The US Department of Transport recently mapped road and aircraft noise across the United States. Predictably, the loudest areas overlapped with some of the country’s most deprived. Those included the south side of Atlanta and the lowest-income areas of LA and Seattle.

Yet as noise pollution grows in line with road and air traffic and rising urban density, public policy has turned a blind eye.

Council noise response services, formally a 24-hour defence against neighbourly disputes, have fallen victim to local government cuts. Decisions on airport expansion and road development pay scant regard to their audible impact. Political platforms remain silent on the loudest poison.

This is odd at a time when we have never had more tools at our disposal to deal with the issue. Electric Vehicles are practically noise-less, yet noise rarely features in the arguments for their adoption. Just replacing today’s bus fleet would transform city centres; doing the same for taxis and trucks would amount to a revolution.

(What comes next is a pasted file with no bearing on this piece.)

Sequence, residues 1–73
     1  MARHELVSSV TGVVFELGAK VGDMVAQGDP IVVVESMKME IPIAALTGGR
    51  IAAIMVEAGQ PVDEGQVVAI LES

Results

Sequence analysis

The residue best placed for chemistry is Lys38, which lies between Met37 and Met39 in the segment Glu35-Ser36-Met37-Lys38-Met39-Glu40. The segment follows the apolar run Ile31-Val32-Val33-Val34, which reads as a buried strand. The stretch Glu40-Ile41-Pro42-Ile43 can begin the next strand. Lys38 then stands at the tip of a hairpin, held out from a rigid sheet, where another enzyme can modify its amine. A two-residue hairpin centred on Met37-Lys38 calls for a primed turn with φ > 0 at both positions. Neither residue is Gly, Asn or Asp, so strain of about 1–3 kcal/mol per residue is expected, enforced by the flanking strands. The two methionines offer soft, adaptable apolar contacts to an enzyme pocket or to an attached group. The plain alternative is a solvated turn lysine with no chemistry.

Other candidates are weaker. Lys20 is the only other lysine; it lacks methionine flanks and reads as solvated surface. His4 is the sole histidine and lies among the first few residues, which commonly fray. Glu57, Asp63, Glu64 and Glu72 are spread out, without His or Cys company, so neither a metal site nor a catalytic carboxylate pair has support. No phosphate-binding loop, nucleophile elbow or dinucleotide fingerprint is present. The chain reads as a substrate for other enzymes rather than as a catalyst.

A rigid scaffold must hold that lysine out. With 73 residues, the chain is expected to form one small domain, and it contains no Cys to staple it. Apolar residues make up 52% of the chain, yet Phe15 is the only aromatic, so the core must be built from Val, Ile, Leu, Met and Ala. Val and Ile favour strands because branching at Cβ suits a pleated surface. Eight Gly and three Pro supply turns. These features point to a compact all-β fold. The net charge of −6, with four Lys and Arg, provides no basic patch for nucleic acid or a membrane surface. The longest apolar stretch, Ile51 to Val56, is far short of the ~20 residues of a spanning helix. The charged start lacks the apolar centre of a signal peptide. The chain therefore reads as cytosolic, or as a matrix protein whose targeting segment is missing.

Vehicles are just the start. Millions were spent on a programme of “Warm Homes”; what about “Quiet Homes”? How did we value the noise impact in the decision to build a third runway at Heathrow, and how do we compensate people now that it’s going ahead?

Construction is a major driver of decibels. Should builders compensate “noise victims” for over-drilling? Or could regulation push equipment manufacturers to find new ways to dampen the sound of their kit?

Of course, none of this addresses the noise pollution we impose on ourselves. The bars and clubs we choose to visit or the music we stick in our ears. Whether pumping dance tracks in spin classes or indie rock in trendy coffee shops, people’s desire to compensate for bad noise out there by playing louder noise in here is hard to control for.

The Clean Air Act of 1956 heralded a new era of city life, one where smog and grime gave way to clear skies and clearer lungs. That fight still goes on today.

But some day, we will turn our attention to our clogged-up airwaves. The decibels will fall. #Twitter will give way to twitter. And every now and again, as we step from our homes into city life, we may just hear the sweetest sound of all. Silence.

Adam Swersky is a councillor in Harrow and is cabinet member for finance. He writes in a personal capacity.